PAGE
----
Bananas, sweet potatoes, and avocados often make the cut as the first foods for babies in the United States; many of us also kick off solids with baby cereal. But how about fish, seaweed, and peanuts? Check out the eclectic first foods parents in other countries feed their babies.To some of us, the things people around the world feed their little ones might seem strange or adventurous. (Some of the foods I don’t even have a taste for — but I’ll admit I’m a slightly picky eater for an adult.) But I think we can learn a thing or three about what others are giving their babies as first foods.
Babies in Kenya are often given sweet potatoes as a first food, in part to prevent vitamin A deficiency.
Japanese babies start out with a multi-course meal — their first solid food experience is a celebrated feast called Okuizome. Parents present their little ones with fish, sticky rice, octopus, and pickled vegetables. What a feast, indeed! Many babies also have miso soup.
Many families in Jamaica give their little ones a fruit and honey mix as their first food. Sweetness.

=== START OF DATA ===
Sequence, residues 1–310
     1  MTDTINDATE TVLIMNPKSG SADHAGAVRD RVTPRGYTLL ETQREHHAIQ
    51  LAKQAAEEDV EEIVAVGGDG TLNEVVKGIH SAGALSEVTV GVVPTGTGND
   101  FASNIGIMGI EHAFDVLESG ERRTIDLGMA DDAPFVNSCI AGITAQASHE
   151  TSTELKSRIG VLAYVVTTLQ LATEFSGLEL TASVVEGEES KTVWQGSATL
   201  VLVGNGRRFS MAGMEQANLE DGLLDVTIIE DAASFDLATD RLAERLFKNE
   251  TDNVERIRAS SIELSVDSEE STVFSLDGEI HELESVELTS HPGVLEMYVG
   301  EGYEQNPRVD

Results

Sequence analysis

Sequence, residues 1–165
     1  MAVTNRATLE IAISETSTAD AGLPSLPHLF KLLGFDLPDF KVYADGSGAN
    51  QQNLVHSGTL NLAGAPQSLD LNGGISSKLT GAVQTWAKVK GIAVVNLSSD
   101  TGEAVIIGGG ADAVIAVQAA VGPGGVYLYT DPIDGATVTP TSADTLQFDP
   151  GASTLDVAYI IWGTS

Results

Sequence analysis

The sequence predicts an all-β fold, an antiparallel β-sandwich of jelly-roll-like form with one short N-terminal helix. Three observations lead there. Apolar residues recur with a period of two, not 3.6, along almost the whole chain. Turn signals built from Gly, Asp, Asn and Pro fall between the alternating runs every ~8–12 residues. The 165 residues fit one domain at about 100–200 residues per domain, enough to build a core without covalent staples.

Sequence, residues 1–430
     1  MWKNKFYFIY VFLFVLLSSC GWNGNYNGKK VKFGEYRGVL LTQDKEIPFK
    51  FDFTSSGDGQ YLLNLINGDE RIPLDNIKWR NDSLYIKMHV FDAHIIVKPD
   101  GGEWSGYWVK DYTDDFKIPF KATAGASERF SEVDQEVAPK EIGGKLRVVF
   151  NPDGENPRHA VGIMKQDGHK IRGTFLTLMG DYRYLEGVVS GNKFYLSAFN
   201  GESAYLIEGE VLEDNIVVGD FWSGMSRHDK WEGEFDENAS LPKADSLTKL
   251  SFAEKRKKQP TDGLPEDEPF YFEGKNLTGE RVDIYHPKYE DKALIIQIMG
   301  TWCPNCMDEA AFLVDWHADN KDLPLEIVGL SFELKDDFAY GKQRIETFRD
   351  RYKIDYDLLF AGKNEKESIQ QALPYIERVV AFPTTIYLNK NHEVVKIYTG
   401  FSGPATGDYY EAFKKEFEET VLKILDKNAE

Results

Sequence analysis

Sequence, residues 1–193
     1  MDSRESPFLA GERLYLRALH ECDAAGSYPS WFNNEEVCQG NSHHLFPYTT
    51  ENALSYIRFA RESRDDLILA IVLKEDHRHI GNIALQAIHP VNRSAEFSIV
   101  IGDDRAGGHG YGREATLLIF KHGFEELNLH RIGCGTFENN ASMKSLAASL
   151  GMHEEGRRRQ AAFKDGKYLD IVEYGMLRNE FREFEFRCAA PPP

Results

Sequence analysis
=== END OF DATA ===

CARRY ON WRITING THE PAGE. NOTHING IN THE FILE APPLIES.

Babies get a snack called Bamba in Israel — it’s a mix of peanut butter and corn. Yes, peanut butter! Interestingly, we have 10 times more instances of peanut allergies here in the U.S. than Isreal does, and we tend to avoid peanut butter in young eaters.
Babies in India are often started off with rice cereal or mashed rice but then they’re given khichdi, the traditional vegetarian dish of rice, lentils, and veggies, seasoned with cumin, coriander, mint, and cinnamon.
French babies are often given leek soup for a first food, and they also eat endive, spinach, and beet. Sounds tastier than mashed up avocado with nothing on it!
A thich bean soup called Gbegiri is often the first food for babies in Nigeria. It can be seasoned with tomatoes, onions, tiny cuts of fish, and even a little chili powder.
A creamy pudding called poi poi, made from taro roots, coconut cream, and breadfruit, is served to babies in New Zealand and other Polynesian countries. Sounds delicious.
First foods for Vietnamese babies include soups with strong flavors like fish sauce for seasoning. These broths and porridges also may have thinly sliced shrimp, potatoes, carrots, and butternut squash. Fancy.
Many babies in Egypt and the Middle East get a taste of hummus as a first food. This mashed chickpeas dish gets tahini, olive oil, salt, pepper, and a little garlic (and is one of my favorite tastes as an adult). Knowing this makes me think I was way too conservative when I fed my little ones their first foods.
Little ones in Mexico get some chili powder spice added to their fruits — apples, oranges, and pears. They’re also fed rice, beans, and spicy soup.
Babies in China eat seaweed and rice dishes with fish, eggs, and carrots as early as 4 months old. Fish! This baby menu item is so much more adventurous than bland rice cereal.